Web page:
A Stay in Maine: Acadia National Park

The coast of Maine is one of my favorite places to hide away at during the summer months. You cannot deny the beauty the rugged coastline holds, and there is a plethora of things to do and see. Despite it being the busy months for tourist traffic, it is a season that everyone should experience once in their life.


Acadia National Park is located in the northern part of the coastline, about three hours north of Portland, Maine. It is known for balsam fir filled hikes, rocky beaches, and amazing views of the ocean off the granite peaks. Inside the park you'll find three campsites, although only one is open all year. We stayed at Blackwoods Campground, and I highly recommend if you do want to stay here to book months in advance online. We ended up getting one of the last spots available, and it was three months ahead for our stay during the busiest time in the park.

Blackwoods is located right off Rt. 3, which makes it easy to get around the park if driving. The nice thing about this particular campsite is if you don't have a car, there is a shuttle that will take you to some of the major tourist spots.


The campsite itself is the most popular due to the proximity to the trailheads and other major sites you'll want to see in the park, such as Eagle Lake. There are a total of  306 camp sites (including RV sites), with a $30 park fee to enter that is good for your stay. I have been getting a yearly $80 national park pass, which I encourage if you go to a few national parks a year as it saves you money in the long run.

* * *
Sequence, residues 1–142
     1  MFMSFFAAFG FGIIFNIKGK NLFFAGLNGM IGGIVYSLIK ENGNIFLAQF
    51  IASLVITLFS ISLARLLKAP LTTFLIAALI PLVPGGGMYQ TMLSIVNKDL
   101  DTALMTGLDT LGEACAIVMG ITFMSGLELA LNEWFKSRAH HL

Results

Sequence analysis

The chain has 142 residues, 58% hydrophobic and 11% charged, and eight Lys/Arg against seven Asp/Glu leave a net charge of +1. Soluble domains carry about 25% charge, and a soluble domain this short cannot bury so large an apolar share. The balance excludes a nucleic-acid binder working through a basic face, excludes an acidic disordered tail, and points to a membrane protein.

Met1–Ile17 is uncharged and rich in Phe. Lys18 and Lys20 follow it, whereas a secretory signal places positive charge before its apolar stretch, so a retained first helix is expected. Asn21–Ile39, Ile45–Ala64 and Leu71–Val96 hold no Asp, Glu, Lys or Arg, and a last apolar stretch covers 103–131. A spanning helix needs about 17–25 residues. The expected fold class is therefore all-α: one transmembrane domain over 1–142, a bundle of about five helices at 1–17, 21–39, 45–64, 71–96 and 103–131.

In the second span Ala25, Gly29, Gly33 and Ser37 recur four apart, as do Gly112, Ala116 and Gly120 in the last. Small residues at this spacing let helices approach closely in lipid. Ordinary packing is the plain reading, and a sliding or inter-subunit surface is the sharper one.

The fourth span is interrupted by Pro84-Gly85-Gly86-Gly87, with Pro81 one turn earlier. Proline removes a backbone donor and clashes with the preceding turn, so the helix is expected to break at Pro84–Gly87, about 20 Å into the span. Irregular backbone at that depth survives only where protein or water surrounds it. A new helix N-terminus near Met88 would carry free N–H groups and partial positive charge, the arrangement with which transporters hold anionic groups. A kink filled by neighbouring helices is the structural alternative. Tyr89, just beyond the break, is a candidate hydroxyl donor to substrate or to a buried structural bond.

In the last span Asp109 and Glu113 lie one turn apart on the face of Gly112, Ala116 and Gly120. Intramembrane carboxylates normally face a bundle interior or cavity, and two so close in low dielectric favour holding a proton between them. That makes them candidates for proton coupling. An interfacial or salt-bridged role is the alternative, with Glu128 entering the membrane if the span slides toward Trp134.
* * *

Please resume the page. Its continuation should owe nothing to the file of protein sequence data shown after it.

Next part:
Each site has a picnic table and fire pit to use, although you must buy camp wood locally. This is not an issue as there are numerous places to buy wood at along the road just outside the park. 


The only downside to the campground is you are a bit close to the neighboring camp sites. I didn't find this to be much of an issue because everyone was pretty quiet in the evenings, and honestly was too busy enjoying my time to really pay attention to how close I was to others. I could see this being a downer to others though.

There are facilities on site to use with flush toilets, which I always found clean, but showers are not located inside the campsite area. There are privately owned coin-operated showers a two minute drive away to use. I also found these to be clean, especially for the amount of traffic they get daily.


Blackwoods is also easy access to the popular Bar Harbor area, which is a good place to stroll around and grab a few local brews to take back to the campsite. There is just something about sitting under the balsam firs around a campfire with a good beer and good friends that is nourishing to the soul.

I enjoyed this campground because there are some popular trailheads that branch off of the park, including a walk on the coast, which is great motivator to get up and hike to watch the sunrise. It is a great place to call home base for exploring the park in all directions because of the location right off route 3, and the park employees were very helpful if you need any assistance during your stay. There is a reason why Blackwoods Campground is the most popular in the park, and I recommend staying here, especially for first-timers to the area.